The $300 million OneCoin fraud case will now witness testimonies from Bank of Ireland staff. One of the scamsters in this case, Mark Scott, maintained accounts with the bank which were allegedly used for laundering money.
Proceedings continue in New York
A case against Mark Scott, Ruja Ignatova, and Konstantin Ignatov is pending in the New York Southern District Court related to a $300 million cryptocurrency fraud case. The defendants include people who started this scheme and defrauded investors as well as those who helped them achieve their objectives and launder the funds. The court has finally started to shed more light on who will bear witness in this case and who was thought to have aided Scott in the fraudulent scheme.
According to the recently available details, the government of the United States filed a motion in court to let four witnesses testify against the defendants. The witnesses will be available to testify via video conferencing who will be at a remote Irish location. These witnesses are either former or current employees with the Bank of Ireland.
Scott is said to have held corporate accounts in the bank which he used to launder the $300 million received via the fraudulent scheme. Most of these funds were acquired by misrepresenting facts to the victims and later to the witnesses.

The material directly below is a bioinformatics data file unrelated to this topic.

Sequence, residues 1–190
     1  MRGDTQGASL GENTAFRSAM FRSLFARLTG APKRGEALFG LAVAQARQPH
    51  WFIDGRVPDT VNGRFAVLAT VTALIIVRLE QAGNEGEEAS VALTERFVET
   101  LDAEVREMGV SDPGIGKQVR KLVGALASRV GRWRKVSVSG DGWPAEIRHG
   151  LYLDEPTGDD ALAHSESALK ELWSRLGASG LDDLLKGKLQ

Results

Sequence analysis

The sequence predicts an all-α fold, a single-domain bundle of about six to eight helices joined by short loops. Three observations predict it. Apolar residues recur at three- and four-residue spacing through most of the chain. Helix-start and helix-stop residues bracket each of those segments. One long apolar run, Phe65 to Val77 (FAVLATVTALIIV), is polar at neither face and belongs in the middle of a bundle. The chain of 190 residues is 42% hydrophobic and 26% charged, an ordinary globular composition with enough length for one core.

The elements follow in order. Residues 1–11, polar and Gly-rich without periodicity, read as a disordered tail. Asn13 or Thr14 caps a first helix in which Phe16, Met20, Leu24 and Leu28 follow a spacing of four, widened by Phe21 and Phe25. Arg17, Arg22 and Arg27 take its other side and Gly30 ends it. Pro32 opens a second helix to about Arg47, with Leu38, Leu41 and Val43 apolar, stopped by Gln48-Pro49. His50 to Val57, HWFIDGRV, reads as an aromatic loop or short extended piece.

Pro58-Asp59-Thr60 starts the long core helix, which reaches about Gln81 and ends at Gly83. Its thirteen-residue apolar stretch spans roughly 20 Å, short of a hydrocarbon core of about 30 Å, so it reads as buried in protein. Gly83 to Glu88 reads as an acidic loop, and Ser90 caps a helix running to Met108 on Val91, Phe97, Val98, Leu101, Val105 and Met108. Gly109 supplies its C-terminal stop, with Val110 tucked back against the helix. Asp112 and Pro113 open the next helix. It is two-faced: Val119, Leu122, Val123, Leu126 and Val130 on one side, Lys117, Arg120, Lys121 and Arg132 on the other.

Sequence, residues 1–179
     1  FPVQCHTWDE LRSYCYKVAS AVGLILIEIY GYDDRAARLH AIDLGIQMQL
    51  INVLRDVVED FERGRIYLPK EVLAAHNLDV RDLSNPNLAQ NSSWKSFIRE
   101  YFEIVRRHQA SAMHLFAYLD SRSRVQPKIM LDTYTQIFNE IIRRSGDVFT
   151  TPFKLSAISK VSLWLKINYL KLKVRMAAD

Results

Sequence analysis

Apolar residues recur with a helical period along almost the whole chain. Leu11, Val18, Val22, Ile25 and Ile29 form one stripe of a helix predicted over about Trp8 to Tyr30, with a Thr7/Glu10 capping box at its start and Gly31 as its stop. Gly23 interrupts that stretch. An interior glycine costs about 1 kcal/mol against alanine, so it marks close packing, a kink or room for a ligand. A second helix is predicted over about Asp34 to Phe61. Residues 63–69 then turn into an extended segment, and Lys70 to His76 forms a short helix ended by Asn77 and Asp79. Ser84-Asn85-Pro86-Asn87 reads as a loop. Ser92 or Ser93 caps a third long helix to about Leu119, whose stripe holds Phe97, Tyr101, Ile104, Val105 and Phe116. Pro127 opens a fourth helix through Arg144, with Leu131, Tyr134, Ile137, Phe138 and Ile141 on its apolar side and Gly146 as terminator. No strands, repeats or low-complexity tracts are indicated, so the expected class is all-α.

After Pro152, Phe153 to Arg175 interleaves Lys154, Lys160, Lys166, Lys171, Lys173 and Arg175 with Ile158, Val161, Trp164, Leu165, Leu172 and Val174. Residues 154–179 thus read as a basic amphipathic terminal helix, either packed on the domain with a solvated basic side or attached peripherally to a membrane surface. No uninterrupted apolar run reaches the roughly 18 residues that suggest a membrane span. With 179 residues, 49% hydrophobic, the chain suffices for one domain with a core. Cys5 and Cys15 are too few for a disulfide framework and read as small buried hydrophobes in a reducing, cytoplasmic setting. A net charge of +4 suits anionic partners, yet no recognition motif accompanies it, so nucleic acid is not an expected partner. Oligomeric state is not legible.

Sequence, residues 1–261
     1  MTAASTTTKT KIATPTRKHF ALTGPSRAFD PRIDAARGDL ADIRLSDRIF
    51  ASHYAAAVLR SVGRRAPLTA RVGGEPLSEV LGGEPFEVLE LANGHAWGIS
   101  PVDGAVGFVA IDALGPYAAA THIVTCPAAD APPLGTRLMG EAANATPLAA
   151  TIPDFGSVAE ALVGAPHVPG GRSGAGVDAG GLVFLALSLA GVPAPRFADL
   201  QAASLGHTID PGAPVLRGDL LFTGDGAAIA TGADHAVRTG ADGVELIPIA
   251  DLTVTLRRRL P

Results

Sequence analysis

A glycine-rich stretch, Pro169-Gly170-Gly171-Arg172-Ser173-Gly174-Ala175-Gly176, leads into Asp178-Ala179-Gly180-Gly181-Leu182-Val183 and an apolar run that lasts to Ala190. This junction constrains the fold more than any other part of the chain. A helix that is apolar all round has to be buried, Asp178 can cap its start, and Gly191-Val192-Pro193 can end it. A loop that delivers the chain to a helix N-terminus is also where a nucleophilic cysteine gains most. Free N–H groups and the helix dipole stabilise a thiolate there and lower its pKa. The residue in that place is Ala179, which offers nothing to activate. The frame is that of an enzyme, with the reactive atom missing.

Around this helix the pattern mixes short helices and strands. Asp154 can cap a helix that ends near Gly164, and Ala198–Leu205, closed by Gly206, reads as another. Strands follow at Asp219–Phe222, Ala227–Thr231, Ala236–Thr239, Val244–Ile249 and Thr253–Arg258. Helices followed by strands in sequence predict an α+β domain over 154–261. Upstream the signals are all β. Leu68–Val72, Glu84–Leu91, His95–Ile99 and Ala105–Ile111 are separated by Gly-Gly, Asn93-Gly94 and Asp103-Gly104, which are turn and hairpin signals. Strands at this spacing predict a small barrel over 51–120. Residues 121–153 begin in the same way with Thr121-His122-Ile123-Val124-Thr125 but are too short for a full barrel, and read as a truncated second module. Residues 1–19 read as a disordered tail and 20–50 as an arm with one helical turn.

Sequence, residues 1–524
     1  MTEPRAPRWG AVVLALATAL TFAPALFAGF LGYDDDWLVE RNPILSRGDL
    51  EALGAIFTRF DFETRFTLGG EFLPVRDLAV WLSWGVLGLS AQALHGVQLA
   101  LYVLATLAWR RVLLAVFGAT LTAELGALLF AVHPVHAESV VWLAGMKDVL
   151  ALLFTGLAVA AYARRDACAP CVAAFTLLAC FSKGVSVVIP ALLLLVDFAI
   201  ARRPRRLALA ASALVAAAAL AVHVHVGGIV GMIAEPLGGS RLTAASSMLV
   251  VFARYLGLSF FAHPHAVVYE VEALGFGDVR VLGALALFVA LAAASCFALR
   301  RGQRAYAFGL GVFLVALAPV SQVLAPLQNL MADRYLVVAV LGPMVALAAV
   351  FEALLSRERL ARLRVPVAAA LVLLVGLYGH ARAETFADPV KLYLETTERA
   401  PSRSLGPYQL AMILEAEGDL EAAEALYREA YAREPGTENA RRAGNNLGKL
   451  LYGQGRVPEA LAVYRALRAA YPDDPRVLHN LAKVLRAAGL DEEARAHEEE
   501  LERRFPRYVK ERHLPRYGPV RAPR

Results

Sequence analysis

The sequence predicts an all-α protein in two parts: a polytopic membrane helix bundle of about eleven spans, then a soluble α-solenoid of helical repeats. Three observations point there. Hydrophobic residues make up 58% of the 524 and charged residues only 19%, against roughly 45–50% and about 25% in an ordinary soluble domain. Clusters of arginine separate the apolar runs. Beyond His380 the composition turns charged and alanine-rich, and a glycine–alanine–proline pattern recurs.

Who will be testifying?
Diane Sands, who headed the anti-money laundering (AML) team at the Bank of Ireland will be available as a witness. Former executive vice president and relationship director for the bank in 2016, Derek Collins will also be available. They will be joined by Deirdre Ceannt, who worked in the FDI team at the bank between 2014 and 2017 and Greg Begley, who holds relevant evidence and materials related to the paperwork done by Scott for the Fenero Accounts of the bank.
Scott has been charged with one count of conspiracy to commit money laundering. He was found to be violating Title 19, Section 1956 (h) of the United States Code. The government is trying to prove that he laundered about $400 million in total, all acquired via fraudulent OneCoin scheme. He used several British Virgin Islands-registered private equity firms for this purpose and employed numerous bank accounts located in the Cayman Islands.
A large portion of these funds was also transferred to Scott’s corporate accounts with Bank of Ireland. He misrepresented the source of this money with the banks he was working with.